When we first moved to North Vancouver (the North Shore) finding places to bring Reuben, our then 4 year old lab, was a real process of discovery. When we discovered the “Berkeley Trail” it felt like discovering a wild jewel in a well treed but orderly suburban neighbourhood. It had a winding path that was surrounded by a canopy of spruce, fir and pine trees. It led to a long hill that wound itself around natural vegetation under a beautiful thick canopy of trees. Eventually this led to the river and we would wander alongside the river until we came to the steep rickety steps that led to the beach. It was at this beach that we spent countless hours throwing balls for Reub. Admittedly unlike any other lab-ish dog I’ve ever met he often took his sweet time fetching them, as though he were weighing the options between us fetching the ball or him. Often the ball would slowly drift down the river, the three of us watching and wondering, “Who’s going to get the ball?”until it was too late and another ball would be lost. Other times we would sit on the large flat rock where sometimes Dave would skip rocks but mostly we would just hang out and talk. One year we celebrated my birthday down by our swimming hole. We brought wine and cheese and watched as Reub watched his ball float away. We did this for years and every season offered its own special magic. On beautiful autumn days the reds and oranges of the changing leaves and the crisp cool air made us linger longer taking it all in. Even on those mad, rainy westcoast days we would still go, slowly winding our way down the trail to the river thankful that the canopy could offer some protection. In the summer we would put on our shorts and be grateful that those same trees now offered shade. We didn’t always swim with Reuben but one hot summer day the water was running high and first Reuben went in after his ball and Dave and I both followed, swimming and laughing, as we raced him for his forever disappearing orange ball.
I’m not sure why we stopped going to the swimming hole. We almost lost him when he was five and there was a period of recovery where we didn’t take him anywhere too challenging. Then the trail got busier and we were no longer one of the few to wander these beautiful lost trails. There were too many bikes and Reub was oblivious with bikes. So we stopped and found other places to take him. But there were at least 4 or 5 years when we went every weekend both days and often Dave would just take him on his own and it felt like this place was our own. We had our own rhythm, our own way of being, alone and together. And that place more than any other just felt like us. The every day ritual bound us together in the smallness and the greatness of the measure of everything. It’s as close to what I imagine church is supposed to be that I have ever gotten.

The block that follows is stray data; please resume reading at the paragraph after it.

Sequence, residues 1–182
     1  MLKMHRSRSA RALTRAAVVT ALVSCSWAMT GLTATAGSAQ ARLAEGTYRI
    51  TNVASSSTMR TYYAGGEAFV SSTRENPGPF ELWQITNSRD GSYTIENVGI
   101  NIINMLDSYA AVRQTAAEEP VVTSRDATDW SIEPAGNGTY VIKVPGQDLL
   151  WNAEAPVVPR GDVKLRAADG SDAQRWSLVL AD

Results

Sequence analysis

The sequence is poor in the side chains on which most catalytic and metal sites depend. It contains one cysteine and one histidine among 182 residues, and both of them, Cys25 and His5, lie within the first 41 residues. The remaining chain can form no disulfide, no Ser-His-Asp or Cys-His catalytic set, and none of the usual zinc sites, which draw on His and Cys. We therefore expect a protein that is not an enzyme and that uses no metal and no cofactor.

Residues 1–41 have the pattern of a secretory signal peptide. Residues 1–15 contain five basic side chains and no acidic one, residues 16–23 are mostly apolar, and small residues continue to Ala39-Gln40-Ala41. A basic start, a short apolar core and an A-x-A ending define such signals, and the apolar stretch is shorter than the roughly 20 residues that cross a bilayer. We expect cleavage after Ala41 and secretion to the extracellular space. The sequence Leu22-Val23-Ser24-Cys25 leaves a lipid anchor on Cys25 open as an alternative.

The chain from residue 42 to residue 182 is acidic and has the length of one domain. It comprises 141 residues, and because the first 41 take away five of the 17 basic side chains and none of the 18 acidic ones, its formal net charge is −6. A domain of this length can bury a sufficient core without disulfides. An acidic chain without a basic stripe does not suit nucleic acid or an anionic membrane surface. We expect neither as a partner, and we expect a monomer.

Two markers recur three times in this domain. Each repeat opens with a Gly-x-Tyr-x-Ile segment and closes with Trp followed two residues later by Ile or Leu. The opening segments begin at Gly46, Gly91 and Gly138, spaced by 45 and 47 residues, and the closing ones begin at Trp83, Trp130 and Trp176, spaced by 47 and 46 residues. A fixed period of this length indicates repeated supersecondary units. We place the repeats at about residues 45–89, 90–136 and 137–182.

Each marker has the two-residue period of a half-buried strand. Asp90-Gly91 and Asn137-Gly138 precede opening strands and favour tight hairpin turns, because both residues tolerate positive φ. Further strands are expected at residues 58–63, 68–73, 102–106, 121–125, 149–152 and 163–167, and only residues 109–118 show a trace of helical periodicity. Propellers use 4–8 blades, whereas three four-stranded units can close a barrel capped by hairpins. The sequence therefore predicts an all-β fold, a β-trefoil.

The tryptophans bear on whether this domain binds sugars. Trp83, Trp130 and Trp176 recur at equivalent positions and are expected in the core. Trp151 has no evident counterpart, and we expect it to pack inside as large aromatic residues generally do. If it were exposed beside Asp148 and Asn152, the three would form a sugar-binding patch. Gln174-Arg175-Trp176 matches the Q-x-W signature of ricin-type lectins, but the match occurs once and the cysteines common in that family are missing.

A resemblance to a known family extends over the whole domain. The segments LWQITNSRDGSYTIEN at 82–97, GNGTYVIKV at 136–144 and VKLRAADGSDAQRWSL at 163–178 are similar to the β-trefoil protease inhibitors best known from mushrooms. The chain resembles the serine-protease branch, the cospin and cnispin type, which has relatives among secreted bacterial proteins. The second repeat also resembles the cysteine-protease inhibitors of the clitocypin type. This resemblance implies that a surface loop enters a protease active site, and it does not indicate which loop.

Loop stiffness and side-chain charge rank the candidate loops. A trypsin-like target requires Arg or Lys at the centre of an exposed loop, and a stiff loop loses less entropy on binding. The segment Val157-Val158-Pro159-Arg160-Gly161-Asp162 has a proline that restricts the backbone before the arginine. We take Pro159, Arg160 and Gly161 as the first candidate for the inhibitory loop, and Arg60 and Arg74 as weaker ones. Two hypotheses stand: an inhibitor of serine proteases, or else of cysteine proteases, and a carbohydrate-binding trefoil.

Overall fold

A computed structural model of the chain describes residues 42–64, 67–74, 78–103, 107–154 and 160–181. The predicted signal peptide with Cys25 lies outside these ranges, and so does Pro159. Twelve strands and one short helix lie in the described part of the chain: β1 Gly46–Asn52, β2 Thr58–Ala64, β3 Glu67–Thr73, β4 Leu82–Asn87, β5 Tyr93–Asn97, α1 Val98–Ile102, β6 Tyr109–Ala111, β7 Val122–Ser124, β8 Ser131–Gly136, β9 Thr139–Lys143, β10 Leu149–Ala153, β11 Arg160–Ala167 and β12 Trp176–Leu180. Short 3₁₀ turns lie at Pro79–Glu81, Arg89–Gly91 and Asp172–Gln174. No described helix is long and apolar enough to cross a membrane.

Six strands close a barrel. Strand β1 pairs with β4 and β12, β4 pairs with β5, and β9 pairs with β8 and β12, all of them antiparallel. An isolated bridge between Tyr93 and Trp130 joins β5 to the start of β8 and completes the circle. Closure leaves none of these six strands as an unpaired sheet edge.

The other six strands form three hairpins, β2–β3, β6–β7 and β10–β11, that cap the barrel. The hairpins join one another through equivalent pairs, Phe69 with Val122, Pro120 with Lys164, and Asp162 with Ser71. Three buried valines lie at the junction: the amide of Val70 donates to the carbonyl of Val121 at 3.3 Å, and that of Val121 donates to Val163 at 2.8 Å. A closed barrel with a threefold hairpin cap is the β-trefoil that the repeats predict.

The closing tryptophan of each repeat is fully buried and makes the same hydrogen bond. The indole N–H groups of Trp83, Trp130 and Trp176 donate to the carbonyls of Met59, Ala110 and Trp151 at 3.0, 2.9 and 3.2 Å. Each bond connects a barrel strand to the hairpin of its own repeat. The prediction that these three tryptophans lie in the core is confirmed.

It has been nine years since Reuben left and we haven’t been back until today. We thought we would return Reub to Berkeley where he seemed to belong more than any other place except home. Then we were like, nope, not ready. Can’t do it. Instead we went and visited and wandered down the trail in the pouring rain, turned right at the bottom that led to the rickety staircase that took us to his and our swimming hole. We looked at the rock where we sat, at the water where we swam and at the trees that watched over us all those years ago. For a brief time it felt like that place had been ours alone forever. The thing about grief is that it never really goes. You just come back and visit with it in different ways.When the time comes we’ll be ready to bring him there. Just not yet.